The NSW Ambulance Service is trialling the hospital refusal on the Central Coast, following a landmark Auditor General’s report that found paramedics should be able to refuse transport to patients that need a band-aid, not a hospital bed.
Currently paramedics cannot refuse to transport a patient to hospital if they insist on going.
The Auditor Generla’s report found that too often, paramedics were forced to take people to hospital regardless of how minor their condition was.
In some cases, Paramedics were forced to spend time with patients who complained of bed bugs, wanted their prescriptions renewed, or had “vision problems caused by mascara”.
NSW Ambulance Chief Executive Ray Creen said the six month Central Coast trial would be rolled out to other stations if it is seen to be a success.
“Having considered the Auditor-General’s recommendations, NSW Ambulance is trialling a process whereby paramedics can refuse to transport a patient to a hospital emergency department where it is clear that transport is not warranted,” Mr Creen said.
“NSW Ambulance, in collaboration with Central Coast NSW Medicare Local, is undertaking a six- month trial. Under the trial, intensive care paramedics can refer — or transport — low acuity patients to their regular GP rather than to a hospital Emergency Department.”
NSW Ambulance Service chief superintendent Graeme Malone, who is the director of models of care, said paramedics on the Central Coast were trained to assess a patient when they arrive on the scene, and decide how to treat them.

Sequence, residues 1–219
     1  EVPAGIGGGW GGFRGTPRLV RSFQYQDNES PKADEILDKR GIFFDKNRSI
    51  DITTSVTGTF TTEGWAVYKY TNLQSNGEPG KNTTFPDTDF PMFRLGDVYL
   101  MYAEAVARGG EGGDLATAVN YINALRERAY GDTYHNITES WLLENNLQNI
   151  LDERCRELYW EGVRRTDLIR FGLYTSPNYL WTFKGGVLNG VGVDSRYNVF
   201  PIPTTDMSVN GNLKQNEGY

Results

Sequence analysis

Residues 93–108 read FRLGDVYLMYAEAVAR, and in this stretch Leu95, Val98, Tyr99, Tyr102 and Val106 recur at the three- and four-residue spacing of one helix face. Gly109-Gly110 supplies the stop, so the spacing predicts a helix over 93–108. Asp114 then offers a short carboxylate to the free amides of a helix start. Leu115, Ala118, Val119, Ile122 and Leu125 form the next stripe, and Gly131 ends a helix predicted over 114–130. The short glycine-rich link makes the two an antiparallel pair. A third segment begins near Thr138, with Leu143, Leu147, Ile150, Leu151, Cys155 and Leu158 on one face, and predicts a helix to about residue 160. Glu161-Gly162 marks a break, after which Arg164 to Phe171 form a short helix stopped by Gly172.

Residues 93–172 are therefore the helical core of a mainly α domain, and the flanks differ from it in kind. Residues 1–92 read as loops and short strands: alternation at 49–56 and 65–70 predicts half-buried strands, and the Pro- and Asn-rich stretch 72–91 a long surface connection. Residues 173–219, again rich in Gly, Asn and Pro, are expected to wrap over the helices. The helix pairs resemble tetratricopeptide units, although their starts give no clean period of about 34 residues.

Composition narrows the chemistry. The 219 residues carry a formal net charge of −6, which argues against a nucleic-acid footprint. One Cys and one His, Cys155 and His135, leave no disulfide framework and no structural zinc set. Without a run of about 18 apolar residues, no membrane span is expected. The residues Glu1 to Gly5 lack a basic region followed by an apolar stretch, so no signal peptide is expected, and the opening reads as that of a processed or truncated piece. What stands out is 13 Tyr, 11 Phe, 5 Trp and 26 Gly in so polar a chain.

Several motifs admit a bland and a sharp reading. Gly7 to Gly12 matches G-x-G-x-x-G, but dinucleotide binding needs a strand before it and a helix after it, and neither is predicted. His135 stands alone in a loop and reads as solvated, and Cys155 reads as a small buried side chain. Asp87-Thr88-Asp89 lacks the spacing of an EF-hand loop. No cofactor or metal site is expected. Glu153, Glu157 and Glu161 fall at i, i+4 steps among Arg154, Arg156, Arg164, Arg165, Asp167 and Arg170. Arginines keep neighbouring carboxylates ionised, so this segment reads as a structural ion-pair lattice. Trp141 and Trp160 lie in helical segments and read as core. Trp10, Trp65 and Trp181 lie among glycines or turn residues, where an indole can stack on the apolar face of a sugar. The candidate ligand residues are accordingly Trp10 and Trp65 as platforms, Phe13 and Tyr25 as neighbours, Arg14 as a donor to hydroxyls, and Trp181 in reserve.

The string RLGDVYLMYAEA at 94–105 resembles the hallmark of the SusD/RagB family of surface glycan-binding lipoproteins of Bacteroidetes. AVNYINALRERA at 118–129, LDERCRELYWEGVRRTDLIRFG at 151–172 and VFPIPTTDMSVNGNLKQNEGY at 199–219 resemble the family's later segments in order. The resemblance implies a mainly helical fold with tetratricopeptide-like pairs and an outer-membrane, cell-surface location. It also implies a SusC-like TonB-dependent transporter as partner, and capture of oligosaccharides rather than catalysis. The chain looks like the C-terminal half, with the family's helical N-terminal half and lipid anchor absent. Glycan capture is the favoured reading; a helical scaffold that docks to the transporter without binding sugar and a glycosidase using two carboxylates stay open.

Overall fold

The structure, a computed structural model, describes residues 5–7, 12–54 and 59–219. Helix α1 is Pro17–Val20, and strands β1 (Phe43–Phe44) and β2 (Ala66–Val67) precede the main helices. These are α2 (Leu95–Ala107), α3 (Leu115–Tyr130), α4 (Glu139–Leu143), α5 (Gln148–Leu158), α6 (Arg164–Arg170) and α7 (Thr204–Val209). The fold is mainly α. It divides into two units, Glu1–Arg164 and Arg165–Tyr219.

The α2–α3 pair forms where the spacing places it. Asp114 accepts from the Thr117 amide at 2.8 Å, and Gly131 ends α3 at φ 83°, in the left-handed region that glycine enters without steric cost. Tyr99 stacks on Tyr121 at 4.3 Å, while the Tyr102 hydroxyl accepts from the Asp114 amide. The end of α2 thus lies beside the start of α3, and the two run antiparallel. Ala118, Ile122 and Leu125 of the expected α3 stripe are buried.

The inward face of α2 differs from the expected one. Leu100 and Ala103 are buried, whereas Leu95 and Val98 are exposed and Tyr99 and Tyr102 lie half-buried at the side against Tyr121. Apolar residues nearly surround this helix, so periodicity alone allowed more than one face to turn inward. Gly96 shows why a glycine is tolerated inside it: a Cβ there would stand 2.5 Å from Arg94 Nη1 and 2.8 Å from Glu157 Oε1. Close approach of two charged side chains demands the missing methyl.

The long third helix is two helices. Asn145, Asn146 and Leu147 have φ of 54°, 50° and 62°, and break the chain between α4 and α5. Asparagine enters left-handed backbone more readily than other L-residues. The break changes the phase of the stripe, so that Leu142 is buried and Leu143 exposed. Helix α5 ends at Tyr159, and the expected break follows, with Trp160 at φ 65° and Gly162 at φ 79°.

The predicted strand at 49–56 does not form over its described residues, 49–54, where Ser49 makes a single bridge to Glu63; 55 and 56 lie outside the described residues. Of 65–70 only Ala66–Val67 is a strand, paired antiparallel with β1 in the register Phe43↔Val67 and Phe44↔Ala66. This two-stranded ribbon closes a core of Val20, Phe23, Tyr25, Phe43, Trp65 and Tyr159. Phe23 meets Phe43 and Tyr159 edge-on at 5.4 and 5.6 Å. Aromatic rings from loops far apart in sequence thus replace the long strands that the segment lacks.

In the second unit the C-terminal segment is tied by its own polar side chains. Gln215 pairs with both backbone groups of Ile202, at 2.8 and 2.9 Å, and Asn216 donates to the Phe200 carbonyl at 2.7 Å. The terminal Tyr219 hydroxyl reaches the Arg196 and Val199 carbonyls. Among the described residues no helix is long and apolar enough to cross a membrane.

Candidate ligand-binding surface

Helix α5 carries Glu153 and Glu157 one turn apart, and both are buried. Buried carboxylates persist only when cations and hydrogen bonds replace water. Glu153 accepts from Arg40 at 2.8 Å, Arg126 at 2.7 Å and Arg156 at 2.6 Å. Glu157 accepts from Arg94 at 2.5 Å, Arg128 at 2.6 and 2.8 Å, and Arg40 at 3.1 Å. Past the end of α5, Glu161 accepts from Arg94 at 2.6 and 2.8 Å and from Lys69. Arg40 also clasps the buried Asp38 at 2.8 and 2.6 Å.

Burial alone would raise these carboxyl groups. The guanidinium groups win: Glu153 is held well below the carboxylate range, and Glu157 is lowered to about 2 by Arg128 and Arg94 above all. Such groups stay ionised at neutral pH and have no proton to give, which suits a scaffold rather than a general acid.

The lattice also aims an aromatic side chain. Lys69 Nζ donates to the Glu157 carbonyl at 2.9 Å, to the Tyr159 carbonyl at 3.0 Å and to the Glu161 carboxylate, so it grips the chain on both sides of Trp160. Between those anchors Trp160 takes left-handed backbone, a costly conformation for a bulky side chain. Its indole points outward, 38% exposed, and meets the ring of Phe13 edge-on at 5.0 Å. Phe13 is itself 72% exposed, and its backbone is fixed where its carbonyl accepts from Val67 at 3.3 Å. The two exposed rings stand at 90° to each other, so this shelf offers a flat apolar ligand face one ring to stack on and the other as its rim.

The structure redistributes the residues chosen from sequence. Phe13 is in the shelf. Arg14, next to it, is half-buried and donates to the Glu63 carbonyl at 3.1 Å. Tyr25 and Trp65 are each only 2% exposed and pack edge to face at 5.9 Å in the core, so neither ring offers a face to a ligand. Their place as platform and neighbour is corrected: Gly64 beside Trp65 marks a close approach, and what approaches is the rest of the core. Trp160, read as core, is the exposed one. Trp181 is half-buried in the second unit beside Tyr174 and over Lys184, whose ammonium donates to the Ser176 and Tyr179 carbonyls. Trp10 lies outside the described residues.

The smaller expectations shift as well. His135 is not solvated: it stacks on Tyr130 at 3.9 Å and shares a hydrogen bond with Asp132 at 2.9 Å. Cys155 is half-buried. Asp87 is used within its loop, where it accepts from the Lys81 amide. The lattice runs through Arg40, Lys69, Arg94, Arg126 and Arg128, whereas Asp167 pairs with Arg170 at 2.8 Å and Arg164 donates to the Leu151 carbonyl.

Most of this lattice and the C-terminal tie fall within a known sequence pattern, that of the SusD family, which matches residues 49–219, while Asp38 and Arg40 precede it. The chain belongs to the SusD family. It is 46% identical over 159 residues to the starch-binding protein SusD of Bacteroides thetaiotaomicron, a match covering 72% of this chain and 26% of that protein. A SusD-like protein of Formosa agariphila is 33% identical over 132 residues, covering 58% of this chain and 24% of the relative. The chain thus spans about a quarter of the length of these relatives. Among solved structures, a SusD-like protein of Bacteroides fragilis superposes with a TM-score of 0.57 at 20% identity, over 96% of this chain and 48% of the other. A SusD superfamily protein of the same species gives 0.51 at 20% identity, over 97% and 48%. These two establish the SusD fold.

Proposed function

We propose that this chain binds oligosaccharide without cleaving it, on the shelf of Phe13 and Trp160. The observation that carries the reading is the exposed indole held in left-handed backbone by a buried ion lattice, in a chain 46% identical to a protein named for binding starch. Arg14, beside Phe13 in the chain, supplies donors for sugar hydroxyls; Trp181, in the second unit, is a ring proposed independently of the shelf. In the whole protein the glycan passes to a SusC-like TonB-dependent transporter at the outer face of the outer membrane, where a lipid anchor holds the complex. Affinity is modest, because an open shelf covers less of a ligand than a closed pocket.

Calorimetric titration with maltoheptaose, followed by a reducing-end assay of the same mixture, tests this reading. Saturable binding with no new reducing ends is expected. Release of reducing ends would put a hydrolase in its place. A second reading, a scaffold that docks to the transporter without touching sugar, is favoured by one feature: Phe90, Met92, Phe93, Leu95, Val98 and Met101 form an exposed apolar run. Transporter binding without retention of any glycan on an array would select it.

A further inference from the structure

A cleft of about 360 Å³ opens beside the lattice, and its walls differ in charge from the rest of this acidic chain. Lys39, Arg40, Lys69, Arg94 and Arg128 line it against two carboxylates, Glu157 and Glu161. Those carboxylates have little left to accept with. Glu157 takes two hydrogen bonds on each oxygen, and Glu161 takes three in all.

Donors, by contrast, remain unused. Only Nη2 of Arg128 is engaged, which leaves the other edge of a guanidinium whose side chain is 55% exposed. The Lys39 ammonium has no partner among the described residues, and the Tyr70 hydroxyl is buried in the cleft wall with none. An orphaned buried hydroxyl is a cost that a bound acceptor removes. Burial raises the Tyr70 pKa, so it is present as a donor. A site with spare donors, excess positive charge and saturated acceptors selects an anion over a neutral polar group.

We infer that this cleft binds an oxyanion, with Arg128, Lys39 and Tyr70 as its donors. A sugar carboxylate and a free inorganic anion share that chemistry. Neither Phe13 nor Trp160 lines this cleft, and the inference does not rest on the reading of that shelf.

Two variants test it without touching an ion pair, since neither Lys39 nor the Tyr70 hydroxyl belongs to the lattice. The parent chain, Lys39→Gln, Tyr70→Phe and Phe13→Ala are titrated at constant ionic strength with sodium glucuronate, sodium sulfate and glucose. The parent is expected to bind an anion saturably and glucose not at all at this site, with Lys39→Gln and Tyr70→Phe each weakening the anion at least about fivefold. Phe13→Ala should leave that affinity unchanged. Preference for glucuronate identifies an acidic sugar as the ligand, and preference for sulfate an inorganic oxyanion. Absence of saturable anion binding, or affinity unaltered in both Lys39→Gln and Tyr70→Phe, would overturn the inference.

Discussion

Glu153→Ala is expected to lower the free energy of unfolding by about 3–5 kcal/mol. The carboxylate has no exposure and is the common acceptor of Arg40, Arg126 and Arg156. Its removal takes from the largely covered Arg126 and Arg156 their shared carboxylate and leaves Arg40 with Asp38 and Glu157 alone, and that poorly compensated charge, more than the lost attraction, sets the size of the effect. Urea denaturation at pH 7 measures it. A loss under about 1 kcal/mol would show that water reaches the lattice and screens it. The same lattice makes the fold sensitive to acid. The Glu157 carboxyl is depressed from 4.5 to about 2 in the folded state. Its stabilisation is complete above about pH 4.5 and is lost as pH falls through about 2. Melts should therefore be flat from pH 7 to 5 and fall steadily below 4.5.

“This recognises that up until now, the majority of patients were transported to an ED. Paramedics didn’t have the mechanism set up to refer a patient to a GP,” Chief superintendent Malone said.
This meant that patients with nosebleeds, coughs and colds, and minor sprains could insist on being transported to an emergency department.
Health Services Union NSW Secretary Gerard Hayes said the union backed the trial.
“Giving paramedics the pay and qualifications to triage an medical call out at the scene will help to take pressure off the State’s emergency departments,” Mr Hayes said.
“This is a practice that ought to be expanded to other areas across the State.”
The Auditor General’s report that prompted the change said the public had “unrealistic expectations about the role of the Ambulance Service,” including that an ambulance will fast-track people into hospital, and that ambulances can be called for minor ailments.
By 2021 the Ambulance Service wants to cut 125,000 “unnecessary transports” every year, amid concerns raised by the Auditor General that every day, the services loses an average of 18 ambulances as a result of hospital delays of more than 30 minutes.